Malabar Mail: Celebrating the spirit of the region

Kozhikode and its obsession with M.S. Baburaj's music

Music and football can live in perfect harmony. Especially in Kozhikode.

So, one wasn’t surprised at all at the Corporation Stadium’s press box on that humid afternoon, several years ago, when the discussion strayed from the delicate dribbles onto the intricate musical notes.

When you talk about great Malayalam film songs, you talk about G. Devarajan and M.S. Baburaj. Just as you would speak of Pele and Maradona when you discuss the greatest footballers. During the half-time of that match in Kozhikode, after talking about the irresistible charms of Baburaj’s music, this writer referred to the vastness and variety of Devarajan’s universe. And right away felt as if being called for an off-side. “No, Baburaj is the greater composer,” said the seniormost reporter in the press box. “Devarajan would come only second.”

He seemed offended. For someone who had recently moved to the city, his reaction came as bit of a surprise: Devarajan is, after all, widely regarded as the greatest composer in Malayalam cinema.

Before long, however, Kozhikode’s obsession with Baburaj became more obvious.

His music is breathtakingly melodious, of course. And, he is the composer of arguably the finest Malayalam film song ever – Thamasamenthe varuvaan... (Bhargavi Nilayam).

City’s own composer

Baburaj is Kozhikode’s own. That is one of the reasons why many music fans of the city, like the elderly reporter at the football ground, swears by Baburaj. Only by Baburaj.

Kollam, however, doesn’t celebrate Devarajan like that. Neither is Thalassery as passionate about K. Raghavan. Thrissur isn’t overly proud of Johnson.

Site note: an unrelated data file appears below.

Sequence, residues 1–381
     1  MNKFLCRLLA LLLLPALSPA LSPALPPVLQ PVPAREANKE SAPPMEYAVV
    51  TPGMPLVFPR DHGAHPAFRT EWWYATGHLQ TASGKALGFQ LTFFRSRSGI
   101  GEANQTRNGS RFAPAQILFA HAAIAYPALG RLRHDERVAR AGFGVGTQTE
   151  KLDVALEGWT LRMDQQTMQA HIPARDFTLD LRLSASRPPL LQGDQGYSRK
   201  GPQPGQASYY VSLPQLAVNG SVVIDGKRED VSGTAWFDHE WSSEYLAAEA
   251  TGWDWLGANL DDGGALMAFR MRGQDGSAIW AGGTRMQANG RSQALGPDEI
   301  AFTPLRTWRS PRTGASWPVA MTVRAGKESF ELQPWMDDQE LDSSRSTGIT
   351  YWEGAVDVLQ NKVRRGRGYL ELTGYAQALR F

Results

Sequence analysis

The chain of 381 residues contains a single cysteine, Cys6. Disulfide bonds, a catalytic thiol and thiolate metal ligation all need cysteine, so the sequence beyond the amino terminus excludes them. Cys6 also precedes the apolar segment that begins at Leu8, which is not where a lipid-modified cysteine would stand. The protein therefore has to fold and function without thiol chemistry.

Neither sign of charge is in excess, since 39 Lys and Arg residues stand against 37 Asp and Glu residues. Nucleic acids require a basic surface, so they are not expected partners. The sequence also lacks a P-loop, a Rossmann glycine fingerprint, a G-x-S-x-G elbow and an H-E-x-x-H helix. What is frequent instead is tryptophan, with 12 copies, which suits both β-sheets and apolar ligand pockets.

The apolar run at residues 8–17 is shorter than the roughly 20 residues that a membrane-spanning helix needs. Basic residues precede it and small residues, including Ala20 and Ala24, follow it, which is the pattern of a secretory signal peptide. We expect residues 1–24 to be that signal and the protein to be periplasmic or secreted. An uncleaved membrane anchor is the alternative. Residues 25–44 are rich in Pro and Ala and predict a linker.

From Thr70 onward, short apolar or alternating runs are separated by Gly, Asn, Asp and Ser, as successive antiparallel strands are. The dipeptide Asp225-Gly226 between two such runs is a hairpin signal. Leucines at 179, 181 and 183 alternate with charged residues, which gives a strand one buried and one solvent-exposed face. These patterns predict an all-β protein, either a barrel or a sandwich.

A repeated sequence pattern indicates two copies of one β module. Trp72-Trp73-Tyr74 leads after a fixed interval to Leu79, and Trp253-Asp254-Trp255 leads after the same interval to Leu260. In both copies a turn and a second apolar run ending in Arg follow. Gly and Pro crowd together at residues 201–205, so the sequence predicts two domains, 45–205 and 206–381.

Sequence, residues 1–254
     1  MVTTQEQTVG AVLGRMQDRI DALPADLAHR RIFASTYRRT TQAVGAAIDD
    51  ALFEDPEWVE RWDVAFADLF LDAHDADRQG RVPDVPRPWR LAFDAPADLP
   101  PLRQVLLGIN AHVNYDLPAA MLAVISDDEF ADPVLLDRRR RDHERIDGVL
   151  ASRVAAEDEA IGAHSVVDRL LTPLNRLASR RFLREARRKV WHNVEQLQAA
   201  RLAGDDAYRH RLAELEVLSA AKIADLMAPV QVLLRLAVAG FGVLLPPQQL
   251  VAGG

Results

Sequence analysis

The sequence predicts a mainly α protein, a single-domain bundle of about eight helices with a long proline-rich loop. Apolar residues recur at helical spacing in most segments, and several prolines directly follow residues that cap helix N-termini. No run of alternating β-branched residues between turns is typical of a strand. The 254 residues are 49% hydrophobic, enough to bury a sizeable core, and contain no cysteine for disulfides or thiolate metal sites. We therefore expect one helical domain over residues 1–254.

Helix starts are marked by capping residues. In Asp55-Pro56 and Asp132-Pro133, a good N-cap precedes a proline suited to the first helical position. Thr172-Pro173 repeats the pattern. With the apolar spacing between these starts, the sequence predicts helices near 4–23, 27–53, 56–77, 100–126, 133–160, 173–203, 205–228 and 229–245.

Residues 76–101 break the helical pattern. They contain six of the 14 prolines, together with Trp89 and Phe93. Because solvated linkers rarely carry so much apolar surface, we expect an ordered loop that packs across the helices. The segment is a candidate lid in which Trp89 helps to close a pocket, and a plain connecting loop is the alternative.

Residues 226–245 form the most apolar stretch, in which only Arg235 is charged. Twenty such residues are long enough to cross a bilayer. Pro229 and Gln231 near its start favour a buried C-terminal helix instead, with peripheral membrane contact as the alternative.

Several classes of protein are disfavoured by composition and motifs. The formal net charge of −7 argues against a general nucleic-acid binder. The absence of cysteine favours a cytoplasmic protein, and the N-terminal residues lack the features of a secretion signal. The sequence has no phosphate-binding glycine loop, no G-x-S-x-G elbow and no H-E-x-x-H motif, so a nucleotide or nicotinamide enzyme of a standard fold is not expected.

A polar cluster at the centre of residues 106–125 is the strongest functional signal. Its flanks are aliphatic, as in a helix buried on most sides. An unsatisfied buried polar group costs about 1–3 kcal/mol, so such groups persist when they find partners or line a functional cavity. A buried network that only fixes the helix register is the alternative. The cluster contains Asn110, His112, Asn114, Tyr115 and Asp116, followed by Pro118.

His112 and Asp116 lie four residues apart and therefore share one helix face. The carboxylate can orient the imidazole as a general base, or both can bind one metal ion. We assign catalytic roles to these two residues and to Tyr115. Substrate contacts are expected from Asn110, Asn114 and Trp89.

It would be wrong, however, to say that Baburaj’s most ardent fans would only be found in Kozhikode. G. Venugopal, one of the last original, polished voices in Malayalam playback singing, has told this writer that he wished he was born a couple of decades earlier, so that he could have sung Baburaj’s compositions. P. Jayachandran watched Bhargavi Nilayam 27 times at the theatre just to listen to the song.

Devarajan, a man so sure of his gift and stature, himself admired Babujraj’s music. He once said that one of the very few songs he wished he had composed was Thamasamenthe varuvaan...

 

That song, which the Malayali first head over half-a-century ago, best represents the freshness, the tenderness and the gentleness of Babuaraj’s music. With melodies like Thaliritta kinaakkal than...(Moodupadam), Paathiraavaayilla... (Manaswini), and Thaane thirinjum marinjum... (Ambalapravu), he showed how the sweetness of ghazals and Hindustani music could be transported to Malayalam, like no other composer, before or after, could.

But Baburaj didn’t receive as much recognition – or remuneration – as he deserved in his lifetime. Strange as it may sound, he never won the State Award for music.

As K.P. Udayabhanu, who sang one of Baburaj’s classics, Anuraaga naatakathin... (Ninamaninja Kalapadukal), said, “Unlike his music, he was poor.”

He had indeed gone through tough times. He didn’t know how to sell his talent. All he knew was how to create magic with music.

 

More to music than just Baburaj

Still, Baburaj wasn’t the only composer who could do it in Malayalam cinema, as Kozhikode would sometimes try to make you believe. Besides Devarajan, who has few peers in Indian music, gifted men like Raghavan, V. Dakshinamoorthy, B.A. Chidambaranath, and M.K. Arjunan have also enriched our film music during its golden period.

The composers who received the baton from them, like Johnson, Raveendran, Ouseppachan, and Vidyasagar, too continued the great tradition, though you could not say the same about the quality of lyrics all the time. Remember, the golden generation of composers also had brilliant minds like Vayalar Ramavarma, P. Bhaskaran, O.N.V. Kurup, Sreekumaran Thampi, and Yusufali Kechery to give them poetic lines to tune.

Those lines attained immortality when they were composed by legends like Devarajan and Baburaj and rendered by singers like Yesudas, Jayachandran, P. Susheela, and S. Janaki.

(Malabar mail is a weekly column by The Hindu's correspondents that will reflect Malabar’s life and lifestyle)

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Printable version | Nov 22, 2020 7:11:44 AM | https://www.thehindu.com/news/cities/kozhikode/a-melodious-obsession/article29493758.ece

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